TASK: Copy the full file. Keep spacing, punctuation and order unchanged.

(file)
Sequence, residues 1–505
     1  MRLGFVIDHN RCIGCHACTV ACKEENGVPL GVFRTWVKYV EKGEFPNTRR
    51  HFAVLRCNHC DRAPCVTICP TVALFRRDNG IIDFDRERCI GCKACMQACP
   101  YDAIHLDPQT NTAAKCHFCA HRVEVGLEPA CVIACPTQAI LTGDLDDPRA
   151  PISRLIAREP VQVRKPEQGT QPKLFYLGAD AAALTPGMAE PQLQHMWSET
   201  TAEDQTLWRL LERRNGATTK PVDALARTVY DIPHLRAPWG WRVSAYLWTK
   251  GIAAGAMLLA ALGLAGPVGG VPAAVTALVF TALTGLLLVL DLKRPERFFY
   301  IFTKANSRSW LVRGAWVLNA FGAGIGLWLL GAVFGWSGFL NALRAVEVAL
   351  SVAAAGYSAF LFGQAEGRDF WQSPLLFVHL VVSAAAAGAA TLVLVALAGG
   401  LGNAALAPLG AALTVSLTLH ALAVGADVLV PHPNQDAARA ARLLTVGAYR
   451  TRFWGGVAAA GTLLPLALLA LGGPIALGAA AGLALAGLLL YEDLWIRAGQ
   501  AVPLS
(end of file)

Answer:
Sequence, residues 1–505
     1  MRLGFVIDHN RCIGCHACTV ACKEENGVPL GVFRTWVKYV EKGEFPNTRR
    51  HFAVLRCNHC DRAPCVTICP TVALFRRDNG IIDFDRERCI GCKACMQACP
   101  YDAIHLDPQT NTAAKCHFCA HRVEVGLEPA CVIACPTQAI LTGDLDDPRA
   151  PISRLIAREP VQVRKPEQGT QPKLFYLGAD AAALTPGMAE PQLQHMWSET
   201  TAEDQTLWRL LERRNGATTK PVDALARTVY DIPHLRAPWG WRVSAYLWTK
   251  GIAAGAMLLA ALGLAGPVGG VPAAVTALVF TALTGLLLVL DLKRPERFFY
   301  IFTKANSRSW LVRGAWVLNA FGAGIGLWLL GAVFGWSGFL NALRAVEVAL
   351  SVAAAGYSAF LFGQAEGRDF WQSPLLFVHL VVSAAAAGAA TLVLVALAGG
   401  LGNAALAPLG AALTVSLTLH ALAVGADVLV PHPNQDAARA ARLLTVGAYR
   451  TRFWGGVAAA GTLLPLALLA LGGPIALGAA AGLALAGLLL YEDLWIRAGQ
   501  AVPLS